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“Seeing comes before words the child looks and recognises before it can speak.
But there is also another sense in which seeing comes before words. It is seeing which establishes our place in the surrounding world; we explain that world with words but words can never undo the fact that we are surrounded by it. The relation between what we see and what we know is never settled.”

I remember being introduced to this seminal publication by John Berger. Ways of Seeing completely demystified the pomposity and disparity between so-called high art and perhaps the more lowly perceived visual arts and crafts.
It was just incredible, enlightening and the scales fell away.

For me, it helped build bridges between my love of raw drawing and painting and meaningful design development.
I would highly recommend it as a thoroughly stimulating and digestible approach to visual critique. A genuine eye opener.
Whilst Berger talks a lot about the advent of photography and its impact on traditional fine art and portraiture, I can’t help thinking that this analysis could so easily be applied to the phenomenal advances in the digital arts today, as well as our shift in attitudes between the tangible and virtual worlds and their perceived value.

“The visual arts have always existed within a certain preserve; originally this preserve was magical or sacred. But it was also physical: it was the place, the cave, the building in which, or for which, the work was made. The experience of art, which at first was the experience of ritual, was set apart from the rest of life – precisely in order to be able to exercise power over it. Later the preserve of art became a social one. It entered the culture of the ruling class, whilst physically it was set apart and isolated in their palaces and houses. During all this history the authority of art was inseparable from the particular authority of the preserve.
What the modern means of reproduction have done is to destroy the authority of art and to remove it – or rather, to remove its images which they reproduce – from any preserve. For the first time ever, images of art have become ephemeral, ubiquitous, insubstantial, available, valueless, free. They surround us in the same way as a language surrounds us. They have entered the mainstream of life over which they no longer, in themselves, have power.” Extract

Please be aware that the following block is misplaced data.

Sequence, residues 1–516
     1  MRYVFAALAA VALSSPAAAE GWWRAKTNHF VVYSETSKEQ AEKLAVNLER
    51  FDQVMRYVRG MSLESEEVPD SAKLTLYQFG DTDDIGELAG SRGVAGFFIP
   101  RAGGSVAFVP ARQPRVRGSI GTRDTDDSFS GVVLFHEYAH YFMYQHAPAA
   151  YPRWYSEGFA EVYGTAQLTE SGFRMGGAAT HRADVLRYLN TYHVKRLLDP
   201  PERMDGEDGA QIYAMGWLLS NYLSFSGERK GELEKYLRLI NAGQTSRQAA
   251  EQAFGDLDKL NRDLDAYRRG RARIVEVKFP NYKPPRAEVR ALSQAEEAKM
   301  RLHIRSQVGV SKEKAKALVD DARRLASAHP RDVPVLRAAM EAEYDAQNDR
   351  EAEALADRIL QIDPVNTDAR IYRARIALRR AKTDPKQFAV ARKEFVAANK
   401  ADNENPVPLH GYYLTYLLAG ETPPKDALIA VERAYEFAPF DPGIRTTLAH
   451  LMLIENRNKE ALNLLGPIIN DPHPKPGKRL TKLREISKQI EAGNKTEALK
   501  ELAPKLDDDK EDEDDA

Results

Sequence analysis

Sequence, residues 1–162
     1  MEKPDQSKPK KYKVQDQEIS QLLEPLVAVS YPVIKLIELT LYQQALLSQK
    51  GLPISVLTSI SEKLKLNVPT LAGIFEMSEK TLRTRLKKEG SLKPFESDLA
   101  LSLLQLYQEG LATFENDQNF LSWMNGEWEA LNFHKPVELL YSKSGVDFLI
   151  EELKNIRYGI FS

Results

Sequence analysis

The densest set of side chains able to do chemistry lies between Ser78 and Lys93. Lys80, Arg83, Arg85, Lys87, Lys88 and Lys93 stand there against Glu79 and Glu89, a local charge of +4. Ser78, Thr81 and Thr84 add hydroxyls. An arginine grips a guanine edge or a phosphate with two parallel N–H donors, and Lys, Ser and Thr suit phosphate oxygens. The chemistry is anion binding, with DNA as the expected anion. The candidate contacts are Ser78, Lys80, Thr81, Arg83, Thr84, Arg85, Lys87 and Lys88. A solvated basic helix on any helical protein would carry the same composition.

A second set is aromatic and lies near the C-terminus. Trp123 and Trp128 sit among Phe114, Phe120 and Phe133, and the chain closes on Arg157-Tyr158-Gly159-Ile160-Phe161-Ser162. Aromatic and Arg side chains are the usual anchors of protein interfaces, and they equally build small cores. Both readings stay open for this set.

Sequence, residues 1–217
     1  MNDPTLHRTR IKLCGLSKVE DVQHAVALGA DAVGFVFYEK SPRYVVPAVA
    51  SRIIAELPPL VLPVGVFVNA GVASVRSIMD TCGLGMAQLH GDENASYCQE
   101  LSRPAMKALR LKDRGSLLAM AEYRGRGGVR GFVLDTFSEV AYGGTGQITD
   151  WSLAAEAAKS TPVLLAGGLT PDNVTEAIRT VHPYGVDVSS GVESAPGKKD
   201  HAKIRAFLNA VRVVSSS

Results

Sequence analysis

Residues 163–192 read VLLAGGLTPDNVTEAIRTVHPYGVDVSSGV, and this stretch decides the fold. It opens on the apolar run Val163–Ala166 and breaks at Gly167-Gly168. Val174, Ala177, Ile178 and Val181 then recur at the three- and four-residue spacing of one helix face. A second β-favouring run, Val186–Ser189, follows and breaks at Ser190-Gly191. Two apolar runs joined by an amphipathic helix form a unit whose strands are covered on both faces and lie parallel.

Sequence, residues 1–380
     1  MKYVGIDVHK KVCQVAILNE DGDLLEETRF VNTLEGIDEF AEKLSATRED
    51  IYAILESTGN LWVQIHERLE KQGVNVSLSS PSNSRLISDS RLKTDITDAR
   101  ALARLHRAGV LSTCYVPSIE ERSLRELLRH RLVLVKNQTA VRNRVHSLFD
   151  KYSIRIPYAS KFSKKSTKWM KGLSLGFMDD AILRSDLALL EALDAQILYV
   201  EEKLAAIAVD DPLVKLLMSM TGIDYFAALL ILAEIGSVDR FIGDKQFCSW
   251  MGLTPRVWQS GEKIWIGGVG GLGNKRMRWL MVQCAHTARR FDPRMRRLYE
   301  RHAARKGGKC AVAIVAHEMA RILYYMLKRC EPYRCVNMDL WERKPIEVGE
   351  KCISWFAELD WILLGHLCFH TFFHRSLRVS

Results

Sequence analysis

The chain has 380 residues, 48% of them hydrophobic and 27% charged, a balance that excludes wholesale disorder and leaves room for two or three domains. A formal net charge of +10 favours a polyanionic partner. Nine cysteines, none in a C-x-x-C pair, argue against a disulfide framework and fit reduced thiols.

Remembering the John Berger work got me thinking about some of my own moments of pure clarity and how I learned to look and see.
There are some individuals that are instrumental on our professional development and the way we work. I had an amazing set of teachers during my foundation studies, all dedicated and passionate artists in their own right.
One particularly outspoken lecturer declared that as young students embarking on a real journey of artistic growth, we must first un-learn everything that we thought we knew about drawing……
We must then ‘learn to see’. Only by really looking at and studying our subject matter could we start to ‘make marks’ and therefore really begin to draw well.
These words left an indelible impression on me and I have endeavoured to ‘look to see’ ever since. Subsequently, all of my work begins with drawing of some kind no matter how abstract or stylised the end result may be. Drawing, for me, is a completely meditative process and an ongoing journey as the learning never stops.